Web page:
Saturday, October 8th, 2011
By William Kincaid
Park has more ups then downs
Officials call skate park a positive; believe kids will be responsible
  CELINA - Only minor incidents have occurred at skateboard parks in nearby communities, where officials call the facilities positive additions.
Celina city officials are preparing to create their own skate park and believe local skaters will use the area responsibly.
"I think the park's a positive thing," Celina Police Chief Dave Slusser said, adding there may be some "growing pains."
The city intends to build the venue in Mercelina Park near the basketball courts and away from nearby mobile homes, where some residents initially were concerned about noise and criminal activity.
"I like the location because they (police officers) can cruise along Warren Street," city councilman Jeff Larmore said. "I personally don't think it's going to be a problem."
Larmore wants the city to erect a sign similar to one at the Centerville skate park stating alcohol, drugs, tobacco, bullying/fighting, pets, loud music, glass containers, scooters, weapons, motorized vehicles, unapproved advertisements and huge egos are prohibited.
Larmore said council also can enact legislation "with bite in it" to regulate the park if things get out of hand.
Councilman Ed Jeffries said he fears a couple of badly behaved kids may take over the park and usher in a bully system.
The kids spearheading the park idea and sharing their ideas at city meetings seem responsible, councilwoman Angie King said, adding there's no reason at this point to question them.
"Especially with their initiatives in raising the money (for the park)," King said. "I guess time will tell."
Celina Planning and Community Development Director Kent Bryan estimates the park will cost up to $250,000 and will be built in phases. Local skateboarders have raised more than $15,000 and selected the company to design the area. The city will contribute $20,000 in grant money.
With the proposed open layout, police officers, the public and skaters will be able to monitor the facility. Slusser said there are no specific monitoring or enforcement plans yet.
Delphos Safety Service Director Greg Berquist said his town constructed a skate park on a large slab of concrete in Waterworks Park about six years ago.
"One individual thought it would be a good recreation opportunity for the community," he said. "We had a couple public hearings on it as part of the process."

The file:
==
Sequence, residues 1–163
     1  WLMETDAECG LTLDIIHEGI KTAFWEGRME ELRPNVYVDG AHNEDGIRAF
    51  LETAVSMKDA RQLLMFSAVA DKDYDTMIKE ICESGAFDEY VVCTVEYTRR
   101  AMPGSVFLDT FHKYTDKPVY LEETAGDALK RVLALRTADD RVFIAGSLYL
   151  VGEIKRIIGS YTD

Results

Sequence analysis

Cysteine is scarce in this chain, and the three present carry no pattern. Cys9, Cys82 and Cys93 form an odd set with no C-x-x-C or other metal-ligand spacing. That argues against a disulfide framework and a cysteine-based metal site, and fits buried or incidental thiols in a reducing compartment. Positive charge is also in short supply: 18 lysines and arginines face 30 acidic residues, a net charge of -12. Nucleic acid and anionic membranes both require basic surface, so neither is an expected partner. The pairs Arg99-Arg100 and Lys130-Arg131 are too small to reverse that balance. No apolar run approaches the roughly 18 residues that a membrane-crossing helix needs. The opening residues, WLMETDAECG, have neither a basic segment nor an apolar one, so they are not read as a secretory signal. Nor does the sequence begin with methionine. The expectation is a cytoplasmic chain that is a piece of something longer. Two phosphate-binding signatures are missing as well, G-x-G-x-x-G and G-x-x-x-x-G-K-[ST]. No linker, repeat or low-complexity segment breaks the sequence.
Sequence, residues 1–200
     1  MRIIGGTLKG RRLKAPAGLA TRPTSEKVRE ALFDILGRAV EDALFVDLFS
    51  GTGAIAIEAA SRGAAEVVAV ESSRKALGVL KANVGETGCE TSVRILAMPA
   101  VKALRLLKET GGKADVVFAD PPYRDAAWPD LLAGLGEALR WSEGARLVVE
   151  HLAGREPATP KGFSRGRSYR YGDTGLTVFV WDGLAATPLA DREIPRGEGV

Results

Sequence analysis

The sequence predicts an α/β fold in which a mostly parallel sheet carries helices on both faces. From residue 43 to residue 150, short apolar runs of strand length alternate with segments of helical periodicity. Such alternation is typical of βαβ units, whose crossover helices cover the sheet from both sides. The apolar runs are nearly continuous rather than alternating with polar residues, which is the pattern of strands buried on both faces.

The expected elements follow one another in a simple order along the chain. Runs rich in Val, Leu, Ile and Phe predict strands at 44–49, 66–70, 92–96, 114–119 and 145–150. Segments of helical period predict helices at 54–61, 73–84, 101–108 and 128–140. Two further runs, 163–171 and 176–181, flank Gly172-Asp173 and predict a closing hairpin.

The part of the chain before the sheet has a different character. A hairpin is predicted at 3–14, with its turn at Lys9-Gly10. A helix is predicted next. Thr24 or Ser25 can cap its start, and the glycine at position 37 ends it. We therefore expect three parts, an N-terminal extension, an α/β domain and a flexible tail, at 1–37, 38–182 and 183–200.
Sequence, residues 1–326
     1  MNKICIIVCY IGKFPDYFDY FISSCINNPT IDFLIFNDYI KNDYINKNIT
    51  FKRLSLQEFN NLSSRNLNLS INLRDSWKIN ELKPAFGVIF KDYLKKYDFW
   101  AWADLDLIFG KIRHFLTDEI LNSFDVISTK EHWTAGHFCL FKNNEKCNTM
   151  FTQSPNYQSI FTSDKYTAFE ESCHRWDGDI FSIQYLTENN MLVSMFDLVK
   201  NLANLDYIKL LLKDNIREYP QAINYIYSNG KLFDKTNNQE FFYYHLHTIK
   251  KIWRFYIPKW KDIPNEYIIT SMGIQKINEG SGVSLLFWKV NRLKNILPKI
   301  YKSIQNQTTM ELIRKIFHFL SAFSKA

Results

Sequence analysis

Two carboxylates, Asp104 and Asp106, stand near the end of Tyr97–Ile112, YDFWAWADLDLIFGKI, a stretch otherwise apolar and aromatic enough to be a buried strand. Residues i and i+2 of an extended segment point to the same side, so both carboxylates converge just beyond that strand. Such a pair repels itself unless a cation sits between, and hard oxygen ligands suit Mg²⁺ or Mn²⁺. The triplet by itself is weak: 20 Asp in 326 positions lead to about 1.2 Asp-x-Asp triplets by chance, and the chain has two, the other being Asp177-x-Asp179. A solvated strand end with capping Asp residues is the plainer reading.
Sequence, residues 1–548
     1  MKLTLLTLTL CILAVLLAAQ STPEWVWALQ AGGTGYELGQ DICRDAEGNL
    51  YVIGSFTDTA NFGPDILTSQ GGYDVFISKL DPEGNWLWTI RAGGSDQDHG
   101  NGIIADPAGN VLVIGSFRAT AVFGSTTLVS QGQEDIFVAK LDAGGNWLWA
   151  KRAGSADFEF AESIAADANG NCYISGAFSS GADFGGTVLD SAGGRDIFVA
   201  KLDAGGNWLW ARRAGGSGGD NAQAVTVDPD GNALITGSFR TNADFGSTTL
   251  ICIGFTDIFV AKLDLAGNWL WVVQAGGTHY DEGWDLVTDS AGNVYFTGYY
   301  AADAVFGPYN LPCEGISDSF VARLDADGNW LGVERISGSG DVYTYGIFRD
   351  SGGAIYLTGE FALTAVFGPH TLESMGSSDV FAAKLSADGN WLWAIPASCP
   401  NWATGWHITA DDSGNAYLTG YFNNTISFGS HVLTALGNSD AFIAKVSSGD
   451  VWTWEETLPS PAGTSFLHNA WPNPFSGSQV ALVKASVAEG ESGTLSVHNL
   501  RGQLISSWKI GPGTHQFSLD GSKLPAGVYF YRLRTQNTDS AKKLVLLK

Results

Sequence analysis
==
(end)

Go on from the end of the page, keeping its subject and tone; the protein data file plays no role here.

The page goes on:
A few citizens objected to the proposal. But once city officials learned Ohio law states municipalities with skateboard parks can't be held liable for injuries incurred there and funding was secured through donations, the park was built.
"Otherwise I don't think the city would have done it," Berquist said about the liability issue. "That was a big selling point."
Some vandalism - specifically spray-painting of ramps, nearby picnic benches, buildings and restrooms - occurred early on, he said. Cameras were installed, and the vandalism stopped.
"We've prosecuted some young adults," Berquist said.
Unlike Celina's proposed park built entirely of concrete, the Delphos facility includes pre-fabricated skating amenities, such as ramps and rails, that now need addressed for wear-and-tear, he said.
The facility was a mecca for kids the first few years, but usage has declined recently, Berquist said, comparing it to a new playground.
Wapakoneta Parks and Recreation Director Jack Hayzlett said his city's skate park was built about eight years ago on unused tennis courts in Veterans Memorial Park. The park was built in two phases - with a third phase proposed for the future - and paid through the city's recreation levy.
"The city didn't like the idea of everyone skating in the areas of downtown," Hayzlett said, adding local teenagers had asked for a park for several years.
Hayzlett said some in the community worried the park would attract the wrong type of kids.
Vulgarity was an early problem since the park is next to a soccer field. Also, some kids used the park to hangout instead of skate.
Signs were put up, and police officers rode by the park ever few hours, especially after school, Hayzlett said. Since then, no major complaints or injuries have occurred other than a broken arm. A few fights occurred at the park but fights also happen on the baseball field, he pointed out.
Hayzlett said he gets calls about suspicious activity every now and then. He will either respond or ask the police to go to the park.
"That's pretty much been the end of it," he said.
Use of the park waxes and wanes but is usually consistent, he said, explaining most of its users are 10 to 20 years old.
"It's something different than what else is offered out there," he said.
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